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Watkins v. Marchese

United States District Court, S.D. New York

July 31, 2015

CAPTAIN MARCHESE, et al., Defendants.


GEORGE B. DANIELS, District Judge.

Pro se Plaintiff Dennis Watkins brings this action under 42 U.S.C. § 1983 and state law against the following members of the New York City Department of Correction: Captain Merchese, Captain Kurtaj, Correction Officer Thompson, Correction Officer Davis, and Doctor Eugenio Mateo (collectively, the "Defendants"). Plaintiff alleges the Defendants engaged in the use of excessive force and denied him medical care. (Compl. at 3, ECF No. 2.) The Defendants move to dismiss the Plaintiff's complaint under Federal Rule of Civil Procedure 41(b) for failure to prosecute. (ECF No. 90.) Before this Court is Magistrate Judge Sarah Netburn's June 17, 2015 Report and Recommendation ("Report"), in which she recommended that this Court grant the Defendants' motion to dismiss. (ECF No. 114.) Magistrate Judge Netburn's recommendation to dismiss this case is adopted. The Defendants' motion to dismiss for failure to prosecute is hereby GRANTED.


Plaintiff was incarcerated at the Manhattan Detention Center during the incident at issue. Plaintiff claims that, on or about July 16, 2012, Defendants Merchese, Kurtaj, Davis and Thompson beat him after he suffered a seizure and left him in a bus that was over 100 degrees Fahrenheit. Plaintiff also alleges that Defendant Mateo endangered his life by allowing the officers to move him to the bus following the seizure, despite Defendant Mateo's alleged awareness of Plaintiffs history of heat stroke, seizures and asthma. ( See Report at 2); ( see also Transcript of October 6, 2013 Conference at 16:15-19:12, ECF No. 34.) The instant action was filed to redress Plaintiffs claimed injuries.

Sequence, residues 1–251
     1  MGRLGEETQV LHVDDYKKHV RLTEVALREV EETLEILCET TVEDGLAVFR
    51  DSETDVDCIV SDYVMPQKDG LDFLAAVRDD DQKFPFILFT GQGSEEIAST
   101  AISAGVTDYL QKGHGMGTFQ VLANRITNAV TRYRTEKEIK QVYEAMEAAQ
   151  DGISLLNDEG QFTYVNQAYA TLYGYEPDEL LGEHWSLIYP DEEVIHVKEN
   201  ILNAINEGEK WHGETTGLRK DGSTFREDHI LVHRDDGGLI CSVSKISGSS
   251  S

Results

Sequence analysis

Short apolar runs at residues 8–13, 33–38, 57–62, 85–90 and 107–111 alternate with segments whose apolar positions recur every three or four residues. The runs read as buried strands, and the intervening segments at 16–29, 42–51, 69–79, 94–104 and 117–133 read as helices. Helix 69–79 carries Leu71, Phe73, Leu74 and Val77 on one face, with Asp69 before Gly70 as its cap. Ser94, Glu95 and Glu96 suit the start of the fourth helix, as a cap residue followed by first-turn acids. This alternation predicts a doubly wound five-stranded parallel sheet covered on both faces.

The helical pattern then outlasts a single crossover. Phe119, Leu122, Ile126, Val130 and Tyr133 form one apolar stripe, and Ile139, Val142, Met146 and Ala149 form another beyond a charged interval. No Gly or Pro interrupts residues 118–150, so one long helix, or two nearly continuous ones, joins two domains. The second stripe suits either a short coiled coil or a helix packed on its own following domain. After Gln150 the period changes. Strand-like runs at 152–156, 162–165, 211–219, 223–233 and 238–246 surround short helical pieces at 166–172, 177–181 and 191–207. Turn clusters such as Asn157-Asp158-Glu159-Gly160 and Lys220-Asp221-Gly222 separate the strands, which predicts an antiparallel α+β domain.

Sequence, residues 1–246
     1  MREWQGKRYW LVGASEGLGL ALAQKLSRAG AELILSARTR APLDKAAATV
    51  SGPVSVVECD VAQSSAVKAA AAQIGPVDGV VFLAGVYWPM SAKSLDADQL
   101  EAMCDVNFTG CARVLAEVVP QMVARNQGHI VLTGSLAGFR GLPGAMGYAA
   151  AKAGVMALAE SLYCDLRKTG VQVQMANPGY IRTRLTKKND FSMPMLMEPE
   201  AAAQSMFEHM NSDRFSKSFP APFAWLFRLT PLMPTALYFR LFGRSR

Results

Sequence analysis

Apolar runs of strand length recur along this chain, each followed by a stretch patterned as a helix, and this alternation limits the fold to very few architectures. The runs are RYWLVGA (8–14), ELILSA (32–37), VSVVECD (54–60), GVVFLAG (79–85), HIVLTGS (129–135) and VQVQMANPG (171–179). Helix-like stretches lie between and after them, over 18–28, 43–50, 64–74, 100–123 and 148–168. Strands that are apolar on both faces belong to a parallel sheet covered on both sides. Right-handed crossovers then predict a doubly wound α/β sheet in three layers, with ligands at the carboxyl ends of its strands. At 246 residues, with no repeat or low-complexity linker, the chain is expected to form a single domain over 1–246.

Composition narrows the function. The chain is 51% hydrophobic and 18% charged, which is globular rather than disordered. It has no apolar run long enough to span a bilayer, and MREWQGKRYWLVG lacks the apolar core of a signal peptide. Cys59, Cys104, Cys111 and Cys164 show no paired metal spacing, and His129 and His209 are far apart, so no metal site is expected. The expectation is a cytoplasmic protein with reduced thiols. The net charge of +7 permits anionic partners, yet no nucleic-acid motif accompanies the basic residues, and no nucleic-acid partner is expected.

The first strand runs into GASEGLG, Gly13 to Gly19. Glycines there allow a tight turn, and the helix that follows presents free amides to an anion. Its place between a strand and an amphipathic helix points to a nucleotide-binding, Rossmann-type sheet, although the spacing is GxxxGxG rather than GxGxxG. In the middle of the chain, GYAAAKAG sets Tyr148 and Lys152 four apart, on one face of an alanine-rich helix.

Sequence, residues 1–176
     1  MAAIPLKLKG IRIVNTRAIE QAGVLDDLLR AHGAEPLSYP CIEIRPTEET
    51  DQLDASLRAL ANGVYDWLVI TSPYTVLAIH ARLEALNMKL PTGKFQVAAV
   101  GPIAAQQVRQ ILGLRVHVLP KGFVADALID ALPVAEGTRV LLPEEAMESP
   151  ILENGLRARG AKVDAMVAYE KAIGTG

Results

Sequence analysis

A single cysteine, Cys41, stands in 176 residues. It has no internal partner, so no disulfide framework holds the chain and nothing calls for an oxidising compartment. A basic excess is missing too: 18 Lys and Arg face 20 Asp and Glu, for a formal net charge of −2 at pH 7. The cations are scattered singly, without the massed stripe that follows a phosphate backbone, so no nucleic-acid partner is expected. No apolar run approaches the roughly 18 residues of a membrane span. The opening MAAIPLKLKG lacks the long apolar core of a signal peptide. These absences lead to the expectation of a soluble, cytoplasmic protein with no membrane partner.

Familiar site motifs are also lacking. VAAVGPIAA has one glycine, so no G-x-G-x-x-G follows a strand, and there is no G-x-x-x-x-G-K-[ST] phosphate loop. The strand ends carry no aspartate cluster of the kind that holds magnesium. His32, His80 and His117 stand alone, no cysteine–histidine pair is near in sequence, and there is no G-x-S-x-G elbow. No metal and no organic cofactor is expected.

In prosecuting this case, Plaintiff has refused to comply with two sets of court orders: (1) orders to execute medical releases; and (2) orders to be deposed under oath. ( See Report at 15.) First, Plaintiff ignored repeated court orders to complete the requisite medical releases.[1] ( Id. at 3-8.) Second, during his September 9, 2014 deposition, Plaintiff refused to answer any further questions until certain demands were met, despite two phone calls to Magistrate Judge Netburn's chambers and her verbal orders to complete the deposition. ( Id. at 9-10.)

On October 17, 2014, the Defendants filed the instant motion to dismiss. ( See ECF No. 90; Mem. in Support of MTD, ECF No. 92.) In opposition, Plaintiff argues that (i) any delay in prosecuting his case was due to his incarceration and inability to obtain the services of a notary, and (ii) his refusal to answer questions at his deposition was due to illness or trauma. ( See Opp'n, ECF No. 98.) Defendants respond that Plaintiff's refusal to sign the medical releases under his proper name delayed this case, and that the record reflects the failure to complete the deposition was due to an ongoing "pattern of obstinate obstruction, " not illness or trauma. ( See Reply at 2-4, ECF No. 105.)[2]

Due to the large volume of Plaintiff's filings in this litigation (and other actions in this district), Magistrate Judge Netburn issued on order on November 7, 2014 stating that, "unless there is an absolute emergency... an appropriate order responding to letters filed in this case" would issue "at the beginning of every month." (ECF No. 97.)